While 60 percent of senior business executives consider people issues to be a significant factor in corporate strategy, relatively few of them look to their human resources teams for help on those issues, according to a study released Tuesday, May 29, by consulting firm Deloitte Touche Tohmatsu and The Economist Intelligence Unit.
The study found that 52 percent of companies don’t have a chief human resources officer or equivalent executive assigned to such people issues as developing a high-performance culture or meeting talent needs.
Deloitte and The Economist surveyed executives from 468 companies on several continents, including 104 HR leaders and 155 senior business executives.
Only 23 percent of corporate leaders see their HR departments as currently playing a crucial role in coming up with corporate strategy and having a significant impact on operating results. And although business experts increasingly recognize people as a key intangible portion of a company’s market value, 63 percent of executives rarely or never consult their HR team on mergers and acquisitions. Even when it comes to regulatory compliance, a traditional HR domain, 26 percent rarely or never check in with HR.
“There’s really a question of whether HR is playing the strategic role that they would like to play,” says study co-director Jeff Schwartz, the global leader for people and change in Deloitte’s human capital practice. “The perception of business leaders is that HR and its leaders are not in the forefront of driving the people agenda in business today.”
The study found that many business executives have a negative view of their HR departments. Only 4 percent felt their companies had “world class” HR and people management, while 31 percent said that significant improvement was needed. And while 52 percent of HR leaders believe they are major contributors in shaping a company’s culture, only 32 percent of business executives saw their HR leaders that way.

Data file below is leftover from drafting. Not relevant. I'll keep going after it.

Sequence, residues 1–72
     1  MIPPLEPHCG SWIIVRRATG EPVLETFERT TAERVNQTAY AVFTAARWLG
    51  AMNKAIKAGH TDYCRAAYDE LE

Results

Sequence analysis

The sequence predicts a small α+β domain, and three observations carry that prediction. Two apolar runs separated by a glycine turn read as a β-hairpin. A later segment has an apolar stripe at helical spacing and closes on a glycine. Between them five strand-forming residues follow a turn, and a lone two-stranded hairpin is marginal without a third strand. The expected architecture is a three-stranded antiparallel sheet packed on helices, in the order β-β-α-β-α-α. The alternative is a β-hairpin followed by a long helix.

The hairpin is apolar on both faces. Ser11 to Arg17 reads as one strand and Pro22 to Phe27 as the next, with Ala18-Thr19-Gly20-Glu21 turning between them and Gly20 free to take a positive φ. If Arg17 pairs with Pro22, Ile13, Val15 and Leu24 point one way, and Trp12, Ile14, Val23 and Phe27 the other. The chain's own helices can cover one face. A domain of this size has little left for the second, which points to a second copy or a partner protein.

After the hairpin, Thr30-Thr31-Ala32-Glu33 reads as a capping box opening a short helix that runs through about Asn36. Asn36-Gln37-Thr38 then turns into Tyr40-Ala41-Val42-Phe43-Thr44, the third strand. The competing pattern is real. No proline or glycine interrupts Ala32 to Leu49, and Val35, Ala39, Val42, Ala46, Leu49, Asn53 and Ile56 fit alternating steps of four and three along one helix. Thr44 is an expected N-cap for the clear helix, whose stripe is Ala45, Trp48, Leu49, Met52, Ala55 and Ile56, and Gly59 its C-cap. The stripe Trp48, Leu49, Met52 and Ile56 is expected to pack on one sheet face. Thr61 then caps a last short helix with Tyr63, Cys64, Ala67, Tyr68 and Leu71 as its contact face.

But HR leaders clearly are sensitive to that slight. Just 16 percent believe that their function is highly valued by business executives.
Schwartz says the news isn’t all bad for HR. The survey found that business executives and HR leaders both see people issues as critical to an organization’s performance. They also are pretty much in agreement about which particular issues are important.
Better yet, many in the survey see HR as playing a more important strategic role in the near future. About 65 percent of the survey group expect that their companies will have a chief human resources officer in place in the next three to five years, and 82 percent expect that HR will become more important in terms of strategy and value in that time period.
“There’s a tremendous opportunity for HR to step into the breach and lead,” Schwartz says. “The expectation is that HR will evolve from being a cost center to a value-adding part of the business.”
Seventy-six percent of the survey group identified leadership development as a crucial issue, while about 72 percent cited talent management and creating a high-performance culture. Sixty-five percent viewed training and development as a top priority. In contrast, traditional HR functions ranked comparatively low in perceived value to the business. Only 42 percent of the group saw compensation and benefits issues as having a critical business impact, while just 29 percent felt that improving the efficiency of HR activities through process and technology improvements was important.
“HR is being pulled in two different directions,” Schwartz says. “One part of the future is a function that’s focused on administrative and operational efficiency, and the other is an emerging people management function that may reside in the HR department or in business operations.”
—Patrick J. Kiger
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